Naftali Bennett, 49-year-old who has made pitches to hard-right voters throughout his career, leads the Yamina party, which has called for Israel to annex parts of the occupied West Bank.
Naftali Bennett, who on Sunday moved a step closer to replacing Israel’s veteran premier Benjamin Netanyahu, is a multi-millionaire former tech entrepreneur who made a name in politics with hardline religious-nationalist rhetoric.
The 49-year-old, who has made pitches to hard-right voters throughout his career, leads the Yamina party, which has called for Israel to annex parts of the occupied West Bank.
A bald politician with a discrete kippa and perfect American English, he is ultra-liberal on the economy and takes a hard line against Israel’s arch-foe, Iran.
He shares this ideology with Netanyahu and has served in several of the Likud leader’s governments, but in recent years the two have become increasingly opposed.
In the aftermath of 11 days of deadly fighting with Palestinian militants in the Gaza Strip, Bennett finally agreed to join centrist Yair Lapid in a coalition to oust the premier, who has been in power for 12 consecutive years as well as an earlier three-year term.
Lapid has offered to share power, letting Bennett serve the first term in a rotating premiership.
In a speech late Sunday, Bennett claimed leftist parties would back him to lead a coalition government.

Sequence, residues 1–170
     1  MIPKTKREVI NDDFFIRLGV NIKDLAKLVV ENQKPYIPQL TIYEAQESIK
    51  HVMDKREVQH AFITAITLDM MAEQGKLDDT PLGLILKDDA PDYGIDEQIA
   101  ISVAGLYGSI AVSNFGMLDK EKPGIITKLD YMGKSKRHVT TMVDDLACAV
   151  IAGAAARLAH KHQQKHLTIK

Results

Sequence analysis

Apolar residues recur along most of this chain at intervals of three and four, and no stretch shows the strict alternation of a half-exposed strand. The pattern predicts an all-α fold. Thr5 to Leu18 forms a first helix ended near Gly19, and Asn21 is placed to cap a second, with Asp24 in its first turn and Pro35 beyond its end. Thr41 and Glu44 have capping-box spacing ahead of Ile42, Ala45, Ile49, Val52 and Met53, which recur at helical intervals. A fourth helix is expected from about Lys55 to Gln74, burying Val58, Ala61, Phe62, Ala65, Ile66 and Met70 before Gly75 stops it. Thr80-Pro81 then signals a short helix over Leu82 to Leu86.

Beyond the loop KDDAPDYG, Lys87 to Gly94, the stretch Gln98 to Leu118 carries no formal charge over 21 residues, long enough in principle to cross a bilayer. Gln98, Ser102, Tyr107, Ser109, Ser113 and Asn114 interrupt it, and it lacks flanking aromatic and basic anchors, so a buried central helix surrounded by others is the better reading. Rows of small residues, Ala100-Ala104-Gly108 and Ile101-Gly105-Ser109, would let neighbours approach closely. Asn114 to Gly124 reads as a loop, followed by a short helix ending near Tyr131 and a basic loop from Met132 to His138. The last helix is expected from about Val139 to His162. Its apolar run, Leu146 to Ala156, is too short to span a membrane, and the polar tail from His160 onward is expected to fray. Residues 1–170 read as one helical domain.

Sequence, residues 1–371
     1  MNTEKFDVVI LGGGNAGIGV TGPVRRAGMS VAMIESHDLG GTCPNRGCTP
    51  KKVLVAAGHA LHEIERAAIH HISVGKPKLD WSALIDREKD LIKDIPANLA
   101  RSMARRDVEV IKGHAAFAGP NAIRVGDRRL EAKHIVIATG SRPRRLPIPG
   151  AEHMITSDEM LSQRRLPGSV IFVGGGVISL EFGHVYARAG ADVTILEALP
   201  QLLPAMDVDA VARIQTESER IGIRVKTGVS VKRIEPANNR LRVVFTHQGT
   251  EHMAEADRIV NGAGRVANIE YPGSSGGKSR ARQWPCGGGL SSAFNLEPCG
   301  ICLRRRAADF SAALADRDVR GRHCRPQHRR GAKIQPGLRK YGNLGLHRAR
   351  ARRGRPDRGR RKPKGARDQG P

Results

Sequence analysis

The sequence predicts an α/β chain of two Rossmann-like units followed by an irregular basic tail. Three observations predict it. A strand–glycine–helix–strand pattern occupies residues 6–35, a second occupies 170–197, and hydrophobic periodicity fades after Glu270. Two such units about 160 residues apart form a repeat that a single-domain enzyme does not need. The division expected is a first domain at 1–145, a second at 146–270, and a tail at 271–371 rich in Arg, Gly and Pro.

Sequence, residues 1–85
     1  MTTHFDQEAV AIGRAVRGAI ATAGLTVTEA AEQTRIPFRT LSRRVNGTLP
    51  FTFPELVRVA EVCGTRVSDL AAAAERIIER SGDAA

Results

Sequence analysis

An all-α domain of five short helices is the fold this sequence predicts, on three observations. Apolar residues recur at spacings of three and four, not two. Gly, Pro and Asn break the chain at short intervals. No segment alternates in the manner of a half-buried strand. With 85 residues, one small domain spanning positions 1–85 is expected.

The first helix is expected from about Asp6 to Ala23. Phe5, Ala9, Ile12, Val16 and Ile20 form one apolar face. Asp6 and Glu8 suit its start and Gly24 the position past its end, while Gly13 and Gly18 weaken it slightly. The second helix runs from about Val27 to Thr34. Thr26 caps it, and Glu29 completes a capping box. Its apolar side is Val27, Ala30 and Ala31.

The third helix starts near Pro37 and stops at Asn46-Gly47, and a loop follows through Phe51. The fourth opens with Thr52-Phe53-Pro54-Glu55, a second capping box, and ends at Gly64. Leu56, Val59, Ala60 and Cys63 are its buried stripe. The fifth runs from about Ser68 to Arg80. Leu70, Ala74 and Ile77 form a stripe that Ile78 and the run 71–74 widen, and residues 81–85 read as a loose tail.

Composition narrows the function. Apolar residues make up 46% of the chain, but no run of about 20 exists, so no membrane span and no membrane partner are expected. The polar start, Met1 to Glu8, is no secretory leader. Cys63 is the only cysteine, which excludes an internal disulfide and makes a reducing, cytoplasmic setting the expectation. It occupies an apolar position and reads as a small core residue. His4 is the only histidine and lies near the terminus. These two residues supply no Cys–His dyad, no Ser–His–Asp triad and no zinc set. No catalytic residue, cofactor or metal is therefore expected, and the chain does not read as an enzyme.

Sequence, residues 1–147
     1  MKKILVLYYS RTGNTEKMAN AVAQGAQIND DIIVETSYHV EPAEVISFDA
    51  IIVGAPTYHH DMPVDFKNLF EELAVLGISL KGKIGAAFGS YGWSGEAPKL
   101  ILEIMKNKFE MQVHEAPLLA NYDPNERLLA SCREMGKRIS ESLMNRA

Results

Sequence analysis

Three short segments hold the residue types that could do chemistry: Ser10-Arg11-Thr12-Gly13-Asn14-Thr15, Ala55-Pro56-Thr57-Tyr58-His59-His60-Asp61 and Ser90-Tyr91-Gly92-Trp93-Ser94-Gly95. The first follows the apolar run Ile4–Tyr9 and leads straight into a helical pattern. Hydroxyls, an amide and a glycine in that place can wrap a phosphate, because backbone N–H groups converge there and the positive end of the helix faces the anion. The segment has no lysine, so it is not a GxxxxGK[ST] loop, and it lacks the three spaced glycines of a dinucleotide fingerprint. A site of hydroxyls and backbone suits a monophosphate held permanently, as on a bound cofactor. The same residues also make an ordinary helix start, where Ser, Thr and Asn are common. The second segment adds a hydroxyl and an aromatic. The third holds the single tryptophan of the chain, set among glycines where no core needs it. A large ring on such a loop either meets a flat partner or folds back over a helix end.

“The left is making far from easy compromises here, when it bestows upon me… the role of Prime Minister,” he said.
Lapid has until late Wednesday to cobble together a 61-seat coalition in the 120-seat Knesset.
Religious-nationalist Yamina won seven seats in the country’s last general elections in March, although one member has refused to join an anti-Netanyahu coalition.
West Bank ‘not occupied’
A former special forces commando, Bennett is the son of US-born parents and lives with his wife Galit and four children in the central city of Raanana.
He entered politics after selling his tech start-up for $145 million in 2005, and the next year became chief of staff to Netanyahu, who was then in opposition.
After leaving Netanyahu’s office, Bennett in 2010 became head of the Yesha Council, which lobbies for Jewish settlers in the West Bank.
He then took politics by storm in 2012 when he took charge of the hard-right Jewish Home party, which was facing annihilation.
He increased its parliamentary presence fourfold, while making headlines with a series of incendiary comments about the Palestinians.
In 2013, he said Palestinian “terrorists should be killed, not released”.
He also argued that the West Bank is not under occupation because “there was never a Palestinian state here”, and that the Israeli-Palestinian conflict could not be resolved but must be endured, like a piece of “shrapnel in the buttocks”.
Beyond holding the defence portfolio, Bennett has served as Netanyahu’s economy minister and education minister.
He re-branded Jewish Home as Yamina (Rightward) in 2018, and was part of Netanyahu’s coalition which collapsed the same year.
But he was not asked to join a Netanyahu-led unity government in May last year — a move seen as an expression of the premier’s personal contempt towards him, despite their shared ideology.
In opposition and with the coronavirus pandemic raging in 2020, Bennett dampened his right-wing rhetoric to focus on the health crisis, moving to broaden his appeal by releasing plans to contain the virus and aid the economy.
“In the next years we need to put aside politics and issues like annexation or a Palestinian state, and focus on gaining control over the coronavirus pandemic, healing the economy and mending internal rifts,” he told Israel’s widely listened-to army radio in November.
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